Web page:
Posts Tagged ‘Green’

Green Home Automation

Wednesday, February 24th, 2010

One of the projects I’ve been working on for the past 2 years is installing Green Home Automation systems. You can check out more details at Real Genius Designs.

In a nutshell, a normal automation system gives you control over all of your home’s appliances, lighting, television, music, and phone systems. You can program it to handle these devices without you having to lift a finger or through simple interfaces like touchscreens, remote controls, cell phones, or voice commands.

Taking this system and making it green usually involves shrinking down all of the main control modules so they use as little power as possible. Whether it’s installing low-power computers, wireless sensors, or energy-efficient devices, there are many ways to create a jaw-dropping home experience while lowering your power bills, too.

There are literally thousands of ways to go about installing an automation system and no 2 homes will ever be the same. Since my loft is always the testbed for my newest custom devices I plan to show you some of the coolest pieces as I build them. I’ll try to show the details for the most interesting builds before I either tear them apart for my next project or install them in my clients’ homes.

The design process never ends and there’s always something new to work on. At least I’ll never get bored. Hopefully, you won’t either!

Bucket of Potatoes

Wednesday, February 24th, 2010

If you’re like me you buy a sack of potatoes, forget to eat them all, and find them hinding on your top shelf 2 months later. The crazy shoots and rooty tendrils look pretty cool but the potato is never as tasty. Even though a good scrub-down makes it look normal again, the soft and mushy feeling is there to stay. I’m sure there’s some old Irish potato famine recipe to stew these back to life but baking it is always a losing proposition.

Anyways, I’ve always read that those store bought potatoes can come covered in disease and will never grow as good as a true seed potato. A trip to Hastings always turns into a stroll through Mr. Miagi’s backyard. Remember all the work Daniel put into sanding the floors, painting the fence, and hammering the nails? Well, Hastings looks nothing like that but is equally as cool. They have little outdoor paths, fish ponds, wooden bridges, and a fully functioning train set that circles around some of the cooler plants.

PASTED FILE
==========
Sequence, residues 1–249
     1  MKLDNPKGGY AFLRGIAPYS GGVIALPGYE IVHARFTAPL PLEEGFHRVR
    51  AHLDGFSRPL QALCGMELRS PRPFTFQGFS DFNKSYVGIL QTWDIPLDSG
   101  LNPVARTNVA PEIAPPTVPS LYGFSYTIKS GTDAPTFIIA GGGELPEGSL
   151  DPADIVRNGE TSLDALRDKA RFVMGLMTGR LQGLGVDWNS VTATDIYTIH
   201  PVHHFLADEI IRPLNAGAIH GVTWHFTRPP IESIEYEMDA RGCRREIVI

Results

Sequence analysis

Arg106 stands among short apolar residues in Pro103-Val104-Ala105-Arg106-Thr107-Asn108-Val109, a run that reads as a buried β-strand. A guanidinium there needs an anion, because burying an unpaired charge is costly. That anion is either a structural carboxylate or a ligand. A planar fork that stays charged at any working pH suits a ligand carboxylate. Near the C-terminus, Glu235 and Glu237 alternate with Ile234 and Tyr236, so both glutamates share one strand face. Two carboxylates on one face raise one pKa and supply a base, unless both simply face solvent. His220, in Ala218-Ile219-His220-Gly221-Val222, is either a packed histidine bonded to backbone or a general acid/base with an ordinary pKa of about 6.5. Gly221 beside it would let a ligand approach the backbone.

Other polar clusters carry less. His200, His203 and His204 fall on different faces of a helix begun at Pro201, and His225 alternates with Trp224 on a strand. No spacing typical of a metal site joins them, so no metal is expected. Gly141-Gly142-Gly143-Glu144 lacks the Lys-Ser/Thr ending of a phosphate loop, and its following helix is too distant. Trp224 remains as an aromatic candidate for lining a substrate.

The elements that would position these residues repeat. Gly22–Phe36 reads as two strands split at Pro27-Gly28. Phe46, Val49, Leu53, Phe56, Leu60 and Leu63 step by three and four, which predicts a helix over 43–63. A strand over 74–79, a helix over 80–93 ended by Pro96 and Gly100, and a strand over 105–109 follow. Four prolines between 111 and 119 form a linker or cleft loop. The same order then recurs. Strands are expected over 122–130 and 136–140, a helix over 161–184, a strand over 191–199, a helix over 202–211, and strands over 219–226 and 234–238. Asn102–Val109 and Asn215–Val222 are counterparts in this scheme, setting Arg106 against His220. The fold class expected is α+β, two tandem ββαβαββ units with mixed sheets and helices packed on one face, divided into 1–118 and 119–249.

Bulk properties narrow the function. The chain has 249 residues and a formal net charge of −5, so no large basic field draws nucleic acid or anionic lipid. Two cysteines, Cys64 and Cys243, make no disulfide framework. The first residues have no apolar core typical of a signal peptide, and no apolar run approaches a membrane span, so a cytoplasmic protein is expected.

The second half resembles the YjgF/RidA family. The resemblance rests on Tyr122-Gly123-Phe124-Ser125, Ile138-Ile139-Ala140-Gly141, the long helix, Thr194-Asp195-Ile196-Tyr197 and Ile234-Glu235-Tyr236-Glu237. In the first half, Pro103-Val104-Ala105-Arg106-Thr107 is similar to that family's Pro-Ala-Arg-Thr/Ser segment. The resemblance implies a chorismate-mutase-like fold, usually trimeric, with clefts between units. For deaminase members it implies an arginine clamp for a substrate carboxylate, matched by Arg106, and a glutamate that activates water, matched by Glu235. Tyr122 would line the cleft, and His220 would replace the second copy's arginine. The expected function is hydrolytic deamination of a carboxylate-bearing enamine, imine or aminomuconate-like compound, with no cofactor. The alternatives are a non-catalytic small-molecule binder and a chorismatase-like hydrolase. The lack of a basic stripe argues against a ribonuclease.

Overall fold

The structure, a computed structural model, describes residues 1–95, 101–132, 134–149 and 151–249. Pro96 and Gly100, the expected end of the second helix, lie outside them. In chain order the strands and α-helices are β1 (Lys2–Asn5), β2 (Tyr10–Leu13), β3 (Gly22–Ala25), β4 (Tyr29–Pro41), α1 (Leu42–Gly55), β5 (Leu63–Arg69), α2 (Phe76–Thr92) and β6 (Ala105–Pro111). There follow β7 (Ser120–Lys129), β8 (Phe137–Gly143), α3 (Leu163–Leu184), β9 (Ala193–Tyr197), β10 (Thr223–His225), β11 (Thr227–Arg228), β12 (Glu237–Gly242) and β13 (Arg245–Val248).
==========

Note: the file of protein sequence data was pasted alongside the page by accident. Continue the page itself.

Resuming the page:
Back to the potatoes, from what I’ve read they should be a no-brainer to grow. So, I’ll just fill a 5 gallon container about 1/3 of the way with dirt, toss in the seed potato, a little more dirt, and then saturate it with water.

I should be able to make my way to Hastings this weekend but I might change my plans on where I set the bucket. Since the temperature keeps slipping under freezing I’ll probably start them inside and leave them out during the day.

Regardless, I wish all gardening was this easy!

Time to Set up the Container Gardens!

Sunday, February 21st, 2010

After losing my 3rd hat and 2nd pair of gloves, it looks like we’re finally getting some warmer weather. I think it’s time to play urban gardener again!

The past few years I’ve experimented with all kinds of container gardening and still haven’t found the perfect method. Growing pretty flowers and things to eat is tough without a real garden, real dirt, or rain. Last year gave me tons of jalapeno and serrano peppers, basil, chives, spinach, swiss chard, arugula, and mesclun (not the drug!). The beans and tomatoes weren’t as happy but I’m blaming that on my small containers and not loving them enough. This year will be different!

The goal this year is to make the containers more self-sufficient. I thought I had the whole watering thing figured out until the basil and pepper plants started sucking a gallon a day. Since there’s no water faucet on my balcony it would be nice to go more than a day between waterings. You’d be amazed at how fast lettuces wilt when the water source in the lower container runs dry. You can almost count the wilting in minutes.

Since I only grow from seeds, it’s difficult to gauge the size of these plants and know how many will actually produce. Instead of letting it all grow wild and marveling at its girth, this Spring I’ll have to actually pull and throw away the weakest seedlings and concentrate on the best 20%. Maybe I’ll have smaller harvests but at least next year (using the saved seeds) I won’t have to worry as much about weaker seeds. As an added bonus, I’ll probably have to water less, too.